The process of drilling a cordless drill is very simple:
- First, take a clean cloth and spray it with WD-40
- Use the cloth to clean off the dust and wood shavings build-up from the tool. Repeat this step as many times as needed to remove all the dirt.
- Done! Your drill will look as good as new.
DISCLAIMER: Do not use water to clean the cordless drill. None of the reviewed drills are waterproofed and if water slips inside the tool’s housing it could generate a short-circuit putting it and yourself in danger.
How to remove a chuck from a cordless drill?
Sometimes you just have to change your cordless drill’s chuck. It could be busted from heavy use or you might want to use drill bits your current chuck doesn’t properly grip.
Luckily, the process of removing a chuck is the same for all drills, both in their corded and cordless versions. Let me share it with you:
- In the chuck’s inside, right at the end, you’ll see a screw. That screw is what’s called a reverse thread screw. These fasteners are engineered in a way that to unscrew them you’ll have to use the screwdriver in the opposite direction you’re used to
- Hold the chuck in a fixed position with one hand and, with the other one, unscrew said internal screw going counter-clockwise with the screwdriver. Make sure to use proper force as these fasteners are very tight
- Once the screw is out, set the cordless drill to a low gear and put the clutch in the highest setting so the chuck doesn’t slip when you’re taking it out
- Take the biggest hex key you have at your disposal and put the shorter part inside the chuck. Then, secure the chuck to the hex key as tight as you can
- Grab a hammer and give the hex key a good wacking in a downwards motion. Don’t be afraid, you’re not gonna break the drill, I’ve done it hundreds of times
- After a few blows, you’ll see how the chuck breaks loose. Unscrew it from the drill and put it aside
Are the batteries in cordless drills interchangeable?
Yes, batteries are interchangeable for cordless drills, but only between units of the same brand. That means if you have a DeWalt cordless drill and you want to install a Milwaukee or a Makita battery pack you’ve got around you won’t be able to do it. You’ll only be able to install a DeWalt battery pack for that drill.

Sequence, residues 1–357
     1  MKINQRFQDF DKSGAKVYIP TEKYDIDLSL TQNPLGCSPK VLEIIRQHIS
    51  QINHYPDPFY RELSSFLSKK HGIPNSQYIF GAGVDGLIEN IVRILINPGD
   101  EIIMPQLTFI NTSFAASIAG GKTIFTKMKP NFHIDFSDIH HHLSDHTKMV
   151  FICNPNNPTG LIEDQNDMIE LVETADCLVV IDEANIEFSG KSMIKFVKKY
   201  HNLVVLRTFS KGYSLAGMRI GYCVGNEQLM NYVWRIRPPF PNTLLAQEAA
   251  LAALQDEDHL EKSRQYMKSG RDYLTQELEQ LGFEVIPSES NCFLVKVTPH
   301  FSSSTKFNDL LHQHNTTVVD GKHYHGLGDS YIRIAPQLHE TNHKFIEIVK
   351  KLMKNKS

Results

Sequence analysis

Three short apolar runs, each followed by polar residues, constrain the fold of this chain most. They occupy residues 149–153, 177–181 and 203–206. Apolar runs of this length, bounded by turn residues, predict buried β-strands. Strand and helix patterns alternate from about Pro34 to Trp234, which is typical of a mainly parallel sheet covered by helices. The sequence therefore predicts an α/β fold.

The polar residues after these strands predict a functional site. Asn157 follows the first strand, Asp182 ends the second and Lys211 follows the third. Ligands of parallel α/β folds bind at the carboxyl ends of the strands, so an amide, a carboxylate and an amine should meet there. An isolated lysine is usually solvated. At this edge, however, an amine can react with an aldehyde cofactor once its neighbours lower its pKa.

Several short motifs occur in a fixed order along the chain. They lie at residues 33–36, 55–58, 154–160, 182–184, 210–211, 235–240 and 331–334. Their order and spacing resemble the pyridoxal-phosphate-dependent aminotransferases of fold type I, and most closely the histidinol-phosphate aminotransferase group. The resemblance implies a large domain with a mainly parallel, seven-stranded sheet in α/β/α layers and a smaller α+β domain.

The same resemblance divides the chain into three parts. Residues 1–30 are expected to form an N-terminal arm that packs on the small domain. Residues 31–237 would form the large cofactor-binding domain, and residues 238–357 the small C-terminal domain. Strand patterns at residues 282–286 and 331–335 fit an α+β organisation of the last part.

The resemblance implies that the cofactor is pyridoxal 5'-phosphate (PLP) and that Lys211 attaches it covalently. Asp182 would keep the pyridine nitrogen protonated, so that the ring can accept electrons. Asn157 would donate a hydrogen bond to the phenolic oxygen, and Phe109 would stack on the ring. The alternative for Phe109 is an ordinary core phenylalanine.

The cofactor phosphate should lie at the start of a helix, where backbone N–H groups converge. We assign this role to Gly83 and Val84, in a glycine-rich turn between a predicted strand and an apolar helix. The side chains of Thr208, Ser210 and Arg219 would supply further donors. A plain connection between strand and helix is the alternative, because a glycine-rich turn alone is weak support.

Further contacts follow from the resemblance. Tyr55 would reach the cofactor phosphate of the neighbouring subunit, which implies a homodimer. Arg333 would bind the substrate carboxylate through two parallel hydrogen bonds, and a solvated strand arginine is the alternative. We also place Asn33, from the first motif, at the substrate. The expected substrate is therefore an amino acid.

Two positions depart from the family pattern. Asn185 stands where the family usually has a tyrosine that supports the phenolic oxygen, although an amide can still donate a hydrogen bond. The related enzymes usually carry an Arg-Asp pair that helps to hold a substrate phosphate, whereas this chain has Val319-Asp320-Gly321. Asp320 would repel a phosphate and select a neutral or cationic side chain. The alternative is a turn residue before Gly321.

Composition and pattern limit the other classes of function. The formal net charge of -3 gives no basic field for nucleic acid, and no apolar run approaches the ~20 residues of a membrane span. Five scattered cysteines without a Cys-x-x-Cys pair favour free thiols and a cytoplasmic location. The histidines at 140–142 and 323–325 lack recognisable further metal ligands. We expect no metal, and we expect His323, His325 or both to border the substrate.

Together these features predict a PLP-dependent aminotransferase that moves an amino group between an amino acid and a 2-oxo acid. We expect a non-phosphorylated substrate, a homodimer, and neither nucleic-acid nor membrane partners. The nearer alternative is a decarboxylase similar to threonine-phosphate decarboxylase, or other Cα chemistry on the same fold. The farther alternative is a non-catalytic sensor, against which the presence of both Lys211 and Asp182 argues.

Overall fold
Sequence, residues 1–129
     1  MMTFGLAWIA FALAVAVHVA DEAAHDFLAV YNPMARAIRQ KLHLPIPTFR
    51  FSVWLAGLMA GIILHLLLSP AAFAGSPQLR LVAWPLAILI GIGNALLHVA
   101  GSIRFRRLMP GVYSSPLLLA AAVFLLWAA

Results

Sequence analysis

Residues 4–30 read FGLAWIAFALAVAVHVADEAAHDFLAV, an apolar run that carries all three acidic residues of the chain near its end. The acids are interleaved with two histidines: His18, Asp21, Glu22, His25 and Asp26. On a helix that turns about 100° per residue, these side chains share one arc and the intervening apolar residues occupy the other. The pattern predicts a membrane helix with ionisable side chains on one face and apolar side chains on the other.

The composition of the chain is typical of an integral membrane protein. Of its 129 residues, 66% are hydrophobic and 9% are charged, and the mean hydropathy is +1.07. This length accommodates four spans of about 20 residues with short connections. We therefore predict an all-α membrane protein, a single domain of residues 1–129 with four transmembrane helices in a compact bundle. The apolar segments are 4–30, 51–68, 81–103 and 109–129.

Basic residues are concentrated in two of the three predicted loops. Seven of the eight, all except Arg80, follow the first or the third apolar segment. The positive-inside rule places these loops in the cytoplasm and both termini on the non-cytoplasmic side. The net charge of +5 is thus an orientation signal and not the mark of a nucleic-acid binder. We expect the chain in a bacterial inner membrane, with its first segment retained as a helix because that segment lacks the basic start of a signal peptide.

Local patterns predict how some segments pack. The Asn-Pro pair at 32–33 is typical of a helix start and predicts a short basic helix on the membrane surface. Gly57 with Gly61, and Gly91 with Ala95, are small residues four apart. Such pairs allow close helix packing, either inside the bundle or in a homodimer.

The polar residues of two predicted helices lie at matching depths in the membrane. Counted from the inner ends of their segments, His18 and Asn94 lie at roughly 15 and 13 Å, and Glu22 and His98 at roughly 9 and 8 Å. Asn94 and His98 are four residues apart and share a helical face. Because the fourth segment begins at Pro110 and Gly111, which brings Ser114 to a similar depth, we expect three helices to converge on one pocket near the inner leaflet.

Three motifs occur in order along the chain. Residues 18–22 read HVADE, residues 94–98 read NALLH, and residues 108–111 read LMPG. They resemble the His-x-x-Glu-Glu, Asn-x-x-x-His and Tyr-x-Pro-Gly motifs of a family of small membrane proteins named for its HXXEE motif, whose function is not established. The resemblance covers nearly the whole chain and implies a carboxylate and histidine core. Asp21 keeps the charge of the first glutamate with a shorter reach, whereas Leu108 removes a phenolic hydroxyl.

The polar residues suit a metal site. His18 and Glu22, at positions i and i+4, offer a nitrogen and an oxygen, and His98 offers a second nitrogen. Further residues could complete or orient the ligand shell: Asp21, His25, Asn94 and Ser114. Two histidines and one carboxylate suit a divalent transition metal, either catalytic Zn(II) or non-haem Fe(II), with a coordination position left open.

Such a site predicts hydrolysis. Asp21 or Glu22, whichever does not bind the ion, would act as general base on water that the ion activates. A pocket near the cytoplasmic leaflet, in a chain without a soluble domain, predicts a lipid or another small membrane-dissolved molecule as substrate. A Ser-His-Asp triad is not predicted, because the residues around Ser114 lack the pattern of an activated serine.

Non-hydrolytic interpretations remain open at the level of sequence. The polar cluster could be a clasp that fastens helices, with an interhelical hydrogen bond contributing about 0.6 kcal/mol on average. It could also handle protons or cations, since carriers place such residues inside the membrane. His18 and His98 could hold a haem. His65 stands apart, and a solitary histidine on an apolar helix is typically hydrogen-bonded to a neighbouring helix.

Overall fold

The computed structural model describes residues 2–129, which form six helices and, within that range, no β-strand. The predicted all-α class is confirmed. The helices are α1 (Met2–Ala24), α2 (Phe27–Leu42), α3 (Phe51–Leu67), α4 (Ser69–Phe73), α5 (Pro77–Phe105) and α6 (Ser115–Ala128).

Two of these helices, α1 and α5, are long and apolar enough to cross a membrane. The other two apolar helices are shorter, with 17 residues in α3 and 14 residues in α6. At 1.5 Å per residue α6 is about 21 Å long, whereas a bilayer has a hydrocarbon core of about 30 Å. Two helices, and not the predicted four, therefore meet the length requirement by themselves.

The goal here is for brands to “catch” the customer and “put him in a prison” where he’ll only be able to buy products of the same brand if they don’t want to buy a whole new set of tools.
It’s very inconvenient but, sadly, it’s how things work nowadays with these manufacturers.
What’s the recommended torque for drilling on wood?
There are woods of all types in the world. I mean you’ve got hardwoods like quebracho and oak and you’ve got softer woods like cedar and pine.
In this context, the best decision for woodworkers is getting a cordless drill with enough maximum torque to drill on both types of woods. This is why I think cordless drills with motors that output at least 250 in-lbs of max. torque are a great option for woodworkers as they cover the drilling needs of most woodworking projects.
Brushless cordless drills or brushed cordless drills?
The quick answer is brushless cordless drills, but let me explain why.
Even though brushed motors might be cheaper, they generate a lot of friction when in use. This friction generates heat which, when transferred to the rest of the internal components, puts the lifespan of the tool in jeopardy. Additionally, brushed motors are known for being inefficient, mainly because:
- they consume more battery
- they don’t adapt the energy spent on different levels of torque which brushless motors do
On the opposite, a brushless motor works without the need for brushes, which avoids said problem.
For this, I think it’s clear that brushless cordless drills are better than their brushed counterparts.
Can I use a cordless drill in the rain?
That’s an easy one: no, cordless drills are not supposed to be used in the rain.
None of the best cordless drills for woodworking are waterproof rated. Thus, if you happen to drill under the rain, there’s a high probability water is gonna slip through the tool’s housing and generate an internal short-circuit. Plus, you could get injured.
So, if you happen to drill outdoors make sure that it won’t rain. Otherwise, leave the drilling for later.